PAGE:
The basic argument for declaring the central bank’s net domestic assets as an intermediate target is that, under a fixed exchange rate, the National Bank’s net external position can be influenced most directly through this target. The necessary data for basing monetary policy on these operational, quantitative variables are available with adequate frequency and relatively little delay. Summaries on open market operations, which fundamentally determine the monetary base, can be calculated even several times a day, which may prove to be important in times of urgency.

Determination of Interest Rates

Of course, the above described framework for monetary policy does not allow the central bank to pursue interest rate policy objectives as well. With a pegged exchange rate, the increasing openness of the economy narrows interest rate policy’s room to maneuver. In 1994, the expected higher level of domestic real interest rates will be an additional factor attracting private domestic and foreign funds. This level of real interest rates is, however, not just a question of demand for, and supply of, debt instruments. Nominal and real interest rates are expected to be influenced increasingly by the risk premium, if foreign investors are to enter Hungarian loan and bond markets. (Prior to 1994, foreigners were not allowed to invest in government debt instruments.)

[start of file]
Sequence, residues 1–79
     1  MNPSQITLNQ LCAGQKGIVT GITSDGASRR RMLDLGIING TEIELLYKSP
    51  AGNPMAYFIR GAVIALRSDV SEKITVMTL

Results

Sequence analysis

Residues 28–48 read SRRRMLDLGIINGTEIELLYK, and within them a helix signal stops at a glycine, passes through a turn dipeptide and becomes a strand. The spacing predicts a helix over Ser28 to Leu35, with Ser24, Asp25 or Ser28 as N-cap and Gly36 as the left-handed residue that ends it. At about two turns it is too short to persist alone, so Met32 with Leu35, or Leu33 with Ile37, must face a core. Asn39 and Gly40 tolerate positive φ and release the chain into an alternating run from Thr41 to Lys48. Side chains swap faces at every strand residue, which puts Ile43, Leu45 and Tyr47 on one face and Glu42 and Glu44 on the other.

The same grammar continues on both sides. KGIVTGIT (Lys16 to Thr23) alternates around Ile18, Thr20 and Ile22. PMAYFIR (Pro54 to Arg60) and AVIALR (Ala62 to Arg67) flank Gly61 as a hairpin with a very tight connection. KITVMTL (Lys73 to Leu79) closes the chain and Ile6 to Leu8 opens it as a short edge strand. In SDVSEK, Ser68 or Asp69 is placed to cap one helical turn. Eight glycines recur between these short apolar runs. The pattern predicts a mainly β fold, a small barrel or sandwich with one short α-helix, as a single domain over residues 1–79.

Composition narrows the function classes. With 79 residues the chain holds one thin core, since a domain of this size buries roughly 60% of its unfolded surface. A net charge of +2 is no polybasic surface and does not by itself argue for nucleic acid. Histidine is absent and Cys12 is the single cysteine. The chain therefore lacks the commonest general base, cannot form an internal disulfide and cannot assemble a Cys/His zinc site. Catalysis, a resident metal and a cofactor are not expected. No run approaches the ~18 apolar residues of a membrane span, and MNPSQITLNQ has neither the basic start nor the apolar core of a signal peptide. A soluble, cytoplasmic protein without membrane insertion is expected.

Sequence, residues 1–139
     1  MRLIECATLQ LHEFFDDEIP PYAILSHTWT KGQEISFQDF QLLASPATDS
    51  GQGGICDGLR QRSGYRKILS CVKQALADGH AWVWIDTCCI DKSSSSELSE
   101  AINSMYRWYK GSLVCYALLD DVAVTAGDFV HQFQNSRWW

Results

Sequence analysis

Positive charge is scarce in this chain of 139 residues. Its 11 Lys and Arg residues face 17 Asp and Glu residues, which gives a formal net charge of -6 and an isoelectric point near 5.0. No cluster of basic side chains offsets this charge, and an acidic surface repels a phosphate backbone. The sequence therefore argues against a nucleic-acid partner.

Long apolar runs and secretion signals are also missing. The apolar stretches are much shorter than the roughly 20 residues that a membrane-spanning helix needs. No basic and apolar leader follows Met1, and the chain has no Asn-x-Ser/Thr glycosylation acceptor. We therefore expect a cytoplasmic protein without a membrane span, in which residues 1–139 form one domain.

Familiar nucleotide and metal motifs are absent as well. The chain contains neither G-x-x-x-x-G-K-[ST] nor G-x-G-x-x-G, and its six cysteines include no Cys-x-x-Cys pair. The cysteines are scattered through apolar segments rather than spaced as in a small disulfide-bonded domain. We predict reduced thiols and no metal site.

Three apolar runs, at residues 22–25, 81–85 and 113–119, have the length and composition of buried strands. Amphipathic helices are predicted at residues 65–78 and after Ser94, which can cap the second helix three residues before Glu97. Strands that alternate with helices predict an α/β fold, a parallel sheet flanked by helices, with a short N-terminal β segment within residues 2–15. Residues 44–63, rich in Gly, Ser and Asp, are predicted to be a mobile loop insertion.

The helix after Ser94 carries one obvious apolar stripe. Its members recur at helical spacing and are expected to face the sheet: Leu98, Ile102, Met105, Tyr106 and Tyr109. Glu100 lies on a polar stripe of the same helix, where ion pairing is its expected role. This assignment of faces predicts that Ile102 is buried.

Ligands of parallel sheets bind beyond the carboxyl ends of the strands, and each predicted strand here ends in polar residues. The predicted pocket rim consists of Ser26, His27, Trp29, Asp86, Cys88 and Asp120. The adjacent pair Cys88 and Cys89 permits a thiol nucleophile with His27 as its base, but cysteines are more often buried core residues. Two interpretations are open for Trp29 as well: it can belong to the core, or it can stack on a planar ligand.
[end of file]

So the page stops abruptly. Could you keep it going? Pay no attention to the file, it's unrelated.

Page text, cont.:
The NBH will focus increasingly on quantitative targets in the conduct of monetary policy in 1994 and later on. Such a policy shift may lead to highly variable interest rates—a consequence that may prompt the central bank to invent safety instruments to prevent excess instability in interest rates. However, an important experience Hungary had to learn in 1993 was that it should be careful in setting interest rate policy objectives—partly because under an interest rate policy regime the central bank may distort interest rate movements in financial markets by means of its own interventions and also because in pursuing interest rate policies, monetary authorities will have to accept that quantitative indicators are determined independently of their intentions. Moreover, if interest rate targets cannot be achieved and there comes a sudden change in monetary policy, then the credibility of monetary policy may be impaired. Finally, as suggested below, high and volatile interest rates can adversely affect the budgetary stance in view of the large government debt burden.